Encyclopedia of Fantasy (1997)
Urban Fantasy

1. A City is a place; urban fantasy is a mode. A city may be an Icon or a geography; the UF recounts an experience. A city may be seen from afar, and is generally seen clear; the UF is told from within, and, from the perspective of characters acting out their roles, it may be difficult to determine the extent and nature of the surrounding Reality. UFs are normally texts where fantasy and the mundane world intersect and interweave throughout a tale which is significantly about a real city. There are many exceptions – Mary Gentle's Rats and Gargoyles (1990), is set in a fantasy city "that is called the heart of the world" – but the general principle still holds: the city of a UF may be located in a Secondary World, but in such a case it has been created not just as a backdrop but as an environment, as in Simon R Green's Hawk & Fisher series.

Taproot Texts from which the UF evolved are not easy to find before the 18th century; perhaps the only example worth noting is the Satyricon by Petronius Arbiter (?   -66), though some of the more mercilessly organized post-Renaissance utopian cities – like the circular example in Tommasso Campanella's City of the Sun (1623) – may have provided significant counterexamples to writers a few centuries later. Many of the stories assembled in The Arabian Nights (> Arabian Fantasy) are set in Baghdad and Cairo, but use these cities only as backdrop.

It is reasonable to argue that UFs derive primarily from the notion of the Edifice, and edifices came into true literary existence only with The Castle of Otranto (1765) by Horace Walpole (> Gothic Fantasy). The headings under which Frederick S Frank anatomizes the form in The First Gothics (1987) also work to describe the early forms of UF: claustrophobic containment (> Bondage); subterranean pursuit; supernatural encroachment (> Supernatural Fiction); "extraordinary positions" and lethal predicaments; abeyance of rationality; possible victory of Evil (> Parody); supernatural gadgetry, contraptions, machinery, and demonic appliances; and "a constant vicissitude of interesting passions".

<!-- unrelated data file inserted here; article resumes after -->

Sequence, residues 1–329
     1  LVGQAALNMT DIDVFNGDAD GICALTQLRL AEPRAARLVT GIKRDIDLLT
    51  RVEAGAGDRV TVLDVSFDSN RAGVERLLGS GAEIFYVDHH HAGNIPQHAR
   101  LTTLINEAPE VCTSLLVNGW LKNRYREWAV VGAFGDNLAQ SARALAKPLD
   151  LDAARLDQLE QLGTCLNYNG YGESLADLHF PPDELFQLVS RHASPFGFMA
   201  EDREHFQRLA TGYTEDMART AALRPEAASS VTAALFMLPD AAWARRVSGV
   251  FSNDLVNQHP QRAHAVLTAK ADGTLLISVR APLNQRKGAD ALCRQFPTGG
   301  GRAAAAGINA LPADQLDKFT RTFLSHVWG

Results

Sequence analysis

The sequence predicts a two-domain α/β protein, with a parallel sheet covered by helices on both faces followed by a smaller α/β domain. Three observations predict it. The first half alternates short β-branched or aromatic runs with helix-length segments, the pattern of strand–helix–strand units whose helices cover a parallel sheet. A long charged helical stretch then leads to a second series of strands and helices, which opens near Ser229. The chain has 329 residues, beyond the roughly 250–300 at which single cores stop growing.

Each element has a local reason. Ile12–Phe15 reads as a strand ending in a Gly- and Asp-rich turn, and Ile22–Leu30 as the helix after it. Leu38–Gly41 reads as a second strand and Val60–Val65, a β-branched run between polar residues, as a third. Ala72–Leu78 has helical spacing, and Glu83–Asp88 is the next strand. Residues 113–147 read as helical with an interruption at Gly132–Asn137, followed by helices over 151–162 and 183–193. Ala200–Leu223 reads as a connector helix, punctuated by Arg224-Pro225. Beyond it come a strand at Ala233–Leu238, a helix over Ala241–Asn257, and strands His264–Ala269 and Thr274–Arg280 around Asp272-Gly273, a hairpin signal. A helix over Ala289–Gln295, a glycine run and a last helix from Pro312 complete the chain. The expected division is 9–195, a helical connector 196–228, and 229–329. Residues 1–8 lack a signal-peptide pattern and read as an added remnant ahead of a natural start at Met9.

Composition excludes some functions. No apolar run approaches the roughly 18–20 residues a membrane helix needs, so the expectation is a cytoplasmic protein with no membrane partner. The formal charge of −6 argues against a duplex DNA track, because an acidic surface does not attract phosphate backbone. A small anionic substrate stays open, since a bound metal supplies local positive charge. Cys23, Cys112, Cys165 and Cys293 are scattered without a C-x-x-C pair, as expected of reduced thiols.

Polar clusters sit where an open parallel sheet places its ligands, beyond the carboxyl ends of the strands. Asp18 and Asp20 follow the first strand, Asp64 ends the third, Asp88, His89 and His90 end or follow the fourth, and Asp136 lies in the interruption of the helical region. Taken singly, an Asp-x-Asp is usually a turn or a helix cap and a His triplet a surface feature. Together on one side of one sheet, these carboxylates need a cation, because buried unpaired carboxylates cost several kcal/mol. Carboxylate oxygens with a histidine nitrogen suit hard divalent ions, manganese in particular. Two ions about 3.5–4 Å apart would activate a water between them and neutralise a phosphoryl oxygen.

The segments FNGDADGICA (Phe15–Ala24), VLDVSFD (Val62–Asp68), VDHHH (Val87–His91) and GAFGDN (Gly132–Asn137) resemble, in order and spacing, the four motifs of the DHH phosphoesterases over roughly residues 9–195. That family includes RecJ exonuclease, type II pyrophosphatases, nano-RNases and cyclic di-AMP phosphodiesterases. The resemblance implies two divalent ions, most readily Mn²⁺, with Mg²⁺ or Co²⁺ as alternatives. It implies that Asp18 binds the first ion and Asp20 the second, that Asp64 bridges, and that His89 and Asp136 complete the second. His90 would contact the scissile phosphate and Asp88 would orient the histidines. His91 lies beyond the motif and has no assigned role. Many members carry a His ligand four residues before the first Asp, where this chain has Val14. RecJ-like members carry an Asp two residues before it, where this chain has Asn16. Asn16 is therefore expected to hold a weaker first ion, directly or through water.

Early UFs tended to be described in terms beholden to the Carceri d'Invenzione (1749-1750) and Vedute (1745-1778) of Giovanni Battista Piranesi – two sets of drawings in which urban scapes are seen in unmistakably theatrical terms. The first set depicts shadowy, illimitably complex imaginary prisons; the second confabulates ancient and modern Rome in images whose chiaroscuros are haunted and echoic. Piranesi was deeply influential in shaping the early 19th century's sense of the nightmare of the city, and remains important still, as demonstrated by explicit references in various texts (two instances being Russell Hoban's The Medusa Frequency [1987], in which Piranesi is evoked to describe a Soho [>>> London] that verges on the Underworld, and Lucius Shepard's The Golden [1994], where Castle Banat is seen in Piranesan terms). Piranesi's Labyrinths and abysses suggest pantheons of dark architects, innumerable troupes of players.

As it is a story centrally involving an edifice almost indistinguishable from the city whose heart it comprises, the novel which most clearly marks the relationship between edifice and UF is Notre-Dame de Paris (1831; trans Frederick Shoberl as The Hunchback of Notre-Dame 1833 UK) by Victor Hugo (1802-1885). This novel is not fantasy, but it was a seminal influence upon Eugène Sue, whose Les mystères de Paris (1844; trans anon as The Mysteries of Paris 1844 UK) is a full-fledged UF in everything but the absence of a specific supernatural element, though its central avenger hero – Rudolf von Gerolstein – is a superman figure whose roots in Legend lie very deep, for his ability to appear in any disguise makes him a kind of benign Trickster. More importantly, the novel popularized the kind of multilayered episodic "Mysteries" plot that Charles Dickens had already experimented with in novels like Oliver Twist (1839), which is set in London, and which Alexandre Dumas would bring to perfection in The Count of Monte Cristo (1846), much of which takes place in Paris.